“A Private War” – Up Close and Personal

"This excellent film, while quite intense, is worth enduring for its powerful account of the cost of war (up-front and personal) and journalism’s importance."

By Nick Boyd

“A Private War,” based on the career of celebrated foreign war correspondent Marie Colvin, is a harrowing look at a fearless reporter, played by Rosamund Pike (from “Gone Girl” fame), in an emotionally devastating performance. Colvin suffered from an addiction to the adrenaline rush of war. She worked for The Sunday Times in London and primarily focused on conflicts in the Middle East. Her editor felt that she was their best asset in the field. In addition to reporting on dangerous conflicts, Colvin also interviewed top leaders in international countries.

Despite being able to do what she loved and winning various accolades, being witness to war and conflicts began to take its toll on Colvin, who developed PTSD and became an alcoholic. It became so debilitating that it required a stay at a mental facility. In 2001, she even loses sight in her left eye due to a blast from a rocket propelled grenade (RPG) while reporting in Sri Lanka. From that point on, she is forced to wear an eye patch to cover her damaged and disfigured eye.


Pike is able to expertly capture the emotional highs and lows of a very driven individual, who would stop at nothing to report what she saw. This is a truly vulnerable, raw performance in which Pike sheds her good looks to completely inhabit the role, bringing much conviction. She is nearly matched by Jamie Dornan, who is best known to audiences for starring in the “Fifty Shades of Grey” films. Dornan plays Paul Conroy, a freelance photojournalist, who accompanies Colvin on her missions. Conroy is the voice of reason with Colvin and is also able to get her to open up to him. Over time they develop a friendship with each other built on trust. Dornan gives a performance that is powerful and sympathetic.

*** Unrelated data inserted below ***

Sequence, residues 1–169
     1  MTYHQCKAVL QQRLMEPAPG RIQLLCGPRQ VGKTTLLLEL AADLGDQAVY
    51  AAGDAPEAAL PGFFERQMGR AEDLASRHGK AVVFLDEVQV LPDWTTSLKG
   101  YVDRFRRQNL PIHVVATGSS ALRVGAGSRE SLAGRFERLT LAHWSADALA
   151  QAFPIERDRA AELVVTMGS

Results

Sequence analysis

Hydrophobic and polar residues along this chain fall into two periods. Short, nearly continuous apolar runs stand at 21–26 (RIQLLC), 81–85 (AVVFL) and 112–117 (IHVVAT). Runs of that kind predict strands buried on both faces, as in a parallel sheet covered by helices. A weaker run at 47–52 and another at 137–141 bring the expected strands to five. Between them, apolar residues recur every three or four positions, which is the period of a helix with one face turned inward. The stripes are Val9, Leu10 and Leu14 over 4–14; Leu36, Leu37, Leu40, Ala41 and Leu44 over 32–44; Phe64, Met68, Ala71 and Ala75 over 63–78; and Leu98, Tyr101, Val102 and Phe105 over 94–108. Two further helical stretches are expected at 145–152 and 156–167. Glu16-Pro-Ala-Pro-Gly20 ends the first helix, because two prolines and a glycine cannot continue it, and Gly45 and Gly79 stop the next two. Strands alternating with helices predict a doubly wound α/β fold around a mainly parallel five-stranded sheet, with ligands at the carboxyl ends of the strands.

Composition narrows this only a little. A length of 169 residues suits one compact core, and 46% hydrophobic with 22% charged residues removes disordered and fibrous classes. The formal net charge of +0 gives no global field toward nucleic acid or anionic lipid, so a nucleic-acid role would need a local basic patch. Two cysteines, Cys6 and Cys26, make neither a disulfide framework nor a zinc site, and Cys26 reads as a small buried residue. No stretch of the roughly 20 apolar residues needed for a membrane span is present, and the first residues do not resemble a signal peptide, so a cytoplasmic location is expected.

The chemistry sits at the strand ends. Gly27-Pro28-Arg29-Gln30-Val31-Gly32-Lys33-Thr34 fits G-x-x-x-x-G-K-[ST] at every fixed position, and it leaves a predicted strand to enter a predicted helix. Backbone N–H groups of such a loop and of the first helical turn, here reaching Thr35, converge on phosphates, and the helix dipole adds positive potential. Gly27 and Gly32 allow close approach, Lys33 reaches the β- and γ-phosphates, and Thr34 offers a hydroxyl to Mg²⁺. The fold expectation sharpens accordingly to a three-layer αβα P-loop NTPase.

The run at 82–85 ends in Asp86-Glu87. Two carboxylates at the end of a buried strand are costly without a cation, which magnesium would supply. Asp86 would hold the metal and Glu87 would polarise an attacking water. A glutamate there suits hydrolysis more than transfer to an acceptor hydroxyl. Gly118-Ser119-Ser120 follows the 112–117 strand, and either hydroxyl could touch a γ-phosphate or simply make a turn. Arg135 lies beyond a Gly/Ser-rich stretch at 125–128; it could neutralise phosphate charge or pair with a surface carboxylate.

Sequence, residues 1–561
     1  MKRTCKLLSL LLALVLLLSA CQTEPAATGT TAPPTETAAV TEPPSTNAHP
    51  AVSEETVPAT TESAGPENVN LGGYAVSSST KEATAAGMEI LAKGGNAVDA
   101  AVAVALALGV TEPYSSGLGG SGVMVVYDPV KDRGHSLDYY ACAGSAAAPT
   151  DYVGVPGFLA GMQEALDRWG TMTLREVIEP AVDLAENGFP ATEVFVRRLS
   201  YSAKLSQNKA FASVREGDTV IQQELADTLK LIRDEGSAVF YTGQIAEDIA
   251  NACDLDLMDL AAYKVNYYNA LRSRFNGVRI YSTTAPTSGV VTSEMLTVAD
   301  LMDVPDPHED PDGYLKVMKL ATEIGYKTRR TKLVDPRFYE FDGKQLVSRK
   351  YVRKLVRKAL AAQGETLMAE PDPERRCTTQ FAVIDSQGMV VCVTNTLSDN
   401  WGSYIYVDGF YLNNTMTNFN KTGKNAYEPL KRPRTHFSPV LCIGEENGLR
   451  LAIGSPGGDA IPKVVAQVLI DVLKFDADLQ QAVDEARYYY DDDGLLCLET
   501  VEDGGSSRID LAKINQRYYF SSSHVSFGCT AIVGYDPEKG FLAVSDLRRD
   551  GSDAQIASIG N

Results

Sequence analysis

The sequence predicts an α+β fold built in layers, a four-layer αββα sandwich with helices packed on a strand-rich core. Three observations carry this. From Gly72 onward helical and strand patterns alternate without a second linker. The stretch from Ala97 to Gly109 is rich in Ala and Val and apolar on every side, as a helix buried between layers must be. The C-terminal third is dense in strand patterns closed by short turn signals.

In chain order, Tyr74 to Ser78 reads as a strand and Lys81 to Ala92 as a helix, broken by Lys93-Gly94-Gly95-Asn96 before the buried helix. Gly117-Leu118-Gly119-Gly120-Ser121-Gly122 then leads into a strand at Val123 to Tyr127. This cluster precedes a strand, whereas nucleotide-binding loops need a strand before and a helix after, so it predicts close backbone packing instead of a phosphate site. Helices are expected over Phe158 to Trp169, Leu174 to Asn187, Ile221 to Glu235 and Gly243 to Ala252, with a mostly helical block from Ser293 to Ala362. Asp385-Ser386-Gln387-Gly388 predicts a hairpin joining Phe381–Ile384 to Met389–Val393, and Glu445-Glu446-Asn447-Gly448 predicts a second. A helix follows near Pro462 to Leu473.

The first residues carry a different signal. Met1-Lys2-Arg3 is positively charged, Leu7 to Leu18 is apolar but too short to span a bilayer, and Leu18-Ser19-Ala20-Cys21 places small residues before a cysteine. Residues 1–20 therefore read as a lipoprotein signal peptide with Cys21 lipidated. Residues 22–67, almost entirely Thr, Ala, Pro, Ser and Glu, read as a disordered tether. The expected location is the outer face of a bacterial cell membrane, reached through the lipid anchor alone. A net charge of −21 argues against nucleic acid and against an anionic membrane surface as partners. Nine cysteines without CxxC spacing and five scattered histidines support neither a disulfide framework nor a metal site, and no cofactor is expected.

Late in the film, Colvin meets a wealthy bachelor at a party named Tony Shaw, who is played with caringness and understanding by Stanley Tucci. He soon becomes her love interest and expresses to her that she should give up her war reporting assignments so that they could continually be together without her travels getting in the way. The indication is that they would have a happy life together. However, the visceral appeal of being in conflict zones offers such an enticement to Colvin that she ultimately puts that first over her newfound love interest, which will ultimately lead to her demise.

This excellent film, while quite intense, is worth enduring for its powerful account of the cost of war (up-front and personal) and journalism’s importance.